In this issue
April 9, 2014

Jonathan Tobin: Why Did Kerry Lie About Israeli Blame?

Samuel G. Freedman: A resolution 70 years later for a father's unsettling legacy of ashes from Dachau

Jessica Ivins: A resolution 70 years later for a father's unsettling legacy of ashes from Dachau

Kim Giles: Asking for help is not weakness

Kathy Kristof and Barbara Hoch Marcus: 7 Great Growth Israeli Stocks

Matthew Mientka: How Beans, Peas, And Chickpeas Cleanse Bad Cholesterol and Lowers Risk of Heart Disease

Sabrina Bachai: 5 At-Home Treatments For Headaches

The Kosher Gourmet by Daniel Neman Have yourself a matzo ball: The secrets bubby never told you and recipes she could have never imagined

April 8, 2014

Lori Nawyn: At Your Wit's End and Back: Finding Peace

Susan B. Garland and Rachel L. Sheedy: Strategies Married Couples Can Use to Boost Benefits

David Muhlbaum: Smart Tax Deductions Non-Itemizers Can Claim

Jill Weisenberger, M.S., R.D.N., C.D.E : Before You Lose Your Mental Edge

Dana Dovey: Coffee Drinkers Rejoice! Your Cup Of Joe Can Prevent Death From Liver Disease

Chris Weller: Electric 'Thinking Cap' Puts Your Brain Power Into High Gear

The Kosher Gourmet by Marlene Parrish A gift of hazelnuts keeps giving --- for a variety of nutty recipes: Entree, side, soup, dessert

April 4, 2014

Rabbi David Gutterman: The Word for Nothing Means Everything

Charles Krauthammer: Kerry's folly, Chapter 3

Amy Peterson: A life of love: How to build lasting relationships with your children

John Ericson: Older Women: Save Your Heart, Prevent Stroke Don't Drink Diet

John Ericson: Why 50 million Americans will still have spring allergies after taking meds

Cameron Huddleston: Best and Worst Buys of April 2014

Stacy Rapacon: Great Mutual Funds for Young Investors

Sarah Boesveld: Teacher keeps promise to mail thousands of former students letters written by their past selves

The Kosher Gourmet by Sharon Thompson Anyone can make a salad, you say. But can they make a great salad? (SECRETS, TESTED TECHNIQUES + 4 RECIPES, INCLUDING DRESSINGS)

April 2, 2014

Paul Greenberg: Death and joy in the spring

Dan Barry: Should South Carolina Jews be forced to maintain this chimney built by Germans serving the Nazis?

Mayra Bitsko: Save me! An alien took over my child's personality

Frank Clayton: Get happy: 20 scientifically proven happiness activities

Susan Scutti: It's Genetic! Obesity and the 'Carb Breakdown' Gene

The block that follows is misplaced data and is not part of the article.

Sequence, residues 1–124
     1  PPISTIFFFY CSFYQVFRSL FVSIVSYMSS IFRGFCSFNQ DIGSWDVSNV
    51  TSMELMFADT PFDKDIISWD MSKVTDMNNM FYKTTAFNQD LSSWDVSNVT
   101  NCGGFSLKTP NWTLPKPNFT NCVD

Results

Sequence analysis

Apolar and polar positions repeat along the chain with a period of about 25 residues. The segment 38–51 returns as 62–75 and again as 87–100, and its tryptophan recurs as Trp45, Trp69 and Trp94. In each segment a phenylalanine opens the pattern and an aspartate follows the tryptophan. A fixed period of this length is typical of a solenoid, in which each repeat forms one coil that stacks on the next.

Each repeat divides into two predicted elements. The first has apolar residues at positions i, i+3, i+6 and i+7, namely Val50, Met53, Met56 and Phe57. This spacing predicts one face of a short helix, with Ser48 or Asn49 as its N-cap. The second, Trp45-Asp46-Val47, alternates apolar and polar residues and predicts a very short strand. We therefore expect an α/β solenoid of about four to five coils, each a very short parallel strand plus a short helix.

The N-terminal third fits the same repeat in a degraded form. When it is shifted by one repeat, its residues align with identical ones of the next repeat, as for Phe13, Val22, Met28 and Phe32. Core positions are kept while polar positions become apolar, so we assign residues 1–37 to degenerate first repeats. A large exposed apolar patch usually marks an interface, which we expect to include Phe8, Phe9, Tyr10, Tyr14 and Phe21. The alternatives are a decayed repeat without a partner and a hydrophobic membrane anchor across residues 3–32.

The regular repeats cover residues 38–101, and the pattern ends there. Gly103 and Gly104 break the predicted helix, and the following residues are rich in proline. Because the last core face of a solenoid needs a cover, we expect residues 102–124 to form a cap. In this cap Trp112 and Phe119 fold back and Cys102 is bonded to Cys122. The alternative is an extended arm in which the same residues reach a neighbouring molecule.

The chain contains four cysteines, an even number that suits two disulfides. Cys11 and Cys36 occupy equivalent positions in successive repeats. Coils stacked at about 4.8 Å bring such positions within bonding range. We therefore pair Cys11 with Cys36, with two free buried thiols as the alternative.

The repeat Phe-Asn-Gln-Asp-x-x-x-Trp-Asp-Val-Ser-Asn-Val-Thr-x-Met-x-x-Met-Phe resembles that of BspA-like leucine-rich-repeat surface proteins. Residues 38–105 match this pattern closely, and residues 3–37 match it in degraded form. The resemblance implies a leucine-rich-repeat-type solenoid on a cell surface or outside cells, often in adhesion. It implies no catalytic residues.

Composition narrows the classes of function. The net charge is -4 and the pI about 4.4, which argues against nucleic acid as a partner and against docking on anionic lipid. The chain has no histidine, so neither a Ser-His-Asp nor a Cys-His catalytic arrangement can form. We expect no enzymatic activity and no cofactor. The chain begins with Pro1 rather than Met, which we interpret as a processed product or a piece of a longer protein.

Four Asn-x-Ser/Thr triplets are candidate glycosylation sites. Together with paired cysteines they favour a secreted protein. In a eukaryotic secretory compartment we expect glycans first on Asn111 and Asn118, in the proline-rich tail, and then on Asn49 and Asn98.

Lecia Bushak: Why Hand Sanitizer May Actually Harm Your Health

Stacy Rapacon: Great Funds You Can Own for $500 or Less

Cameron Huddleston: 7 Ways to Save on Home Decor

The Kosher Gourmet by Steve Petusevsky Exploring ingredients as edible-stuffed containers (TWO RECIPES + TIPS & TECHINQUES)

Jewish World Review April 30, 2013/ 20 Iyar, 5773

Can Washington Replicate FAA Fix?

By Debra J. Saunders

Debra J. Saunders

http://www.JewishWorldReview.com | The Pecksniffs of America had nothing but scorn for Congress' vote last week to stop furloughs of air traffic controllers, which were ostensibly mandated under the 2011 Budget Control Act.

Congress failed to act to stop cuts to Head Start and Meals On Wheels, critics sneered, but did stop the Federal Aviation Administration cuts largely because they hit lawmakers where they live -- on the planes that fly them to and from their home districts.

Nonsense. Congress did what it was supposed to do. Capitol Hill responded to the flying public's righteous anger. There was a fear factor: If a plane crashed, voters would blame Washington.

Republicans found unused money in the transportation budget. So after Democrats protested and the White House promised to veto any sequester modifications, they fell in line behind an FAA fix; it passed with bipartisan support and was punctuated with a presidential signature.

"Congress is capable of doing that everywhere if the lawmakers really want to," budget fellow Patrick Knudsen of the right-leaning Heritage Foundation opined.

It turns out that the Obama White House had miscalculated. It had become increasingly clear that the White House was using the FAA cuts to gin up voter outrage against the sequester cuts. And that wasn't going to fly.

Republicans took care of their constituents -- businesspeople.

The real question is: Why haven't Democrats done the same thing if they believe that cuts to Head Start and Meals On Wheels are equally untenable?

Instead, Democrats have supported what, to them, are excruciating cuts because they find the notion of trimming 2.5 percent from a $3.8 trillion budget to be unthinkable. It's their Rubicon. They'd rather cut muscle than fat -- that is, they'd rather cut welfare programs than find pork to cut in a still-growing federal budget pot.

Drew Hammill, a spokesman for House Minority Leader Nancy Pelosi, tells me that unlike transportation, welfare budgets are so tight that there's no fat left to trim. He adds that some Republicans have issues with a Senate bill that would cede the authority to make cuts to the president. But that's not the Democrats' problem.

Liberal Washington Post blogger Ezra Klein thinks Democrats should bend. The Dems tried to kill the sequestration by making its cuts stupid and across-the-board. But the sequestration still lives. If sequestration is permanent, Klein wrote, "they might as well make it a bit less painful."

Budget guru Steve Bell of the Bipartisan Policy Center used to think that Washington would cave on the sequestration by June because the cuts would be too painful. The former Hill staffer now thinks that won't happen. Except for the FAA cuts, there is little public protest, not even from the defense sector or the welfare lobby.

Bell told me, "I'm not sure there's much else that has the immediate impact on people's daily lives as air travel."

And what does that tell you?

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© 2013, Creators Syndicate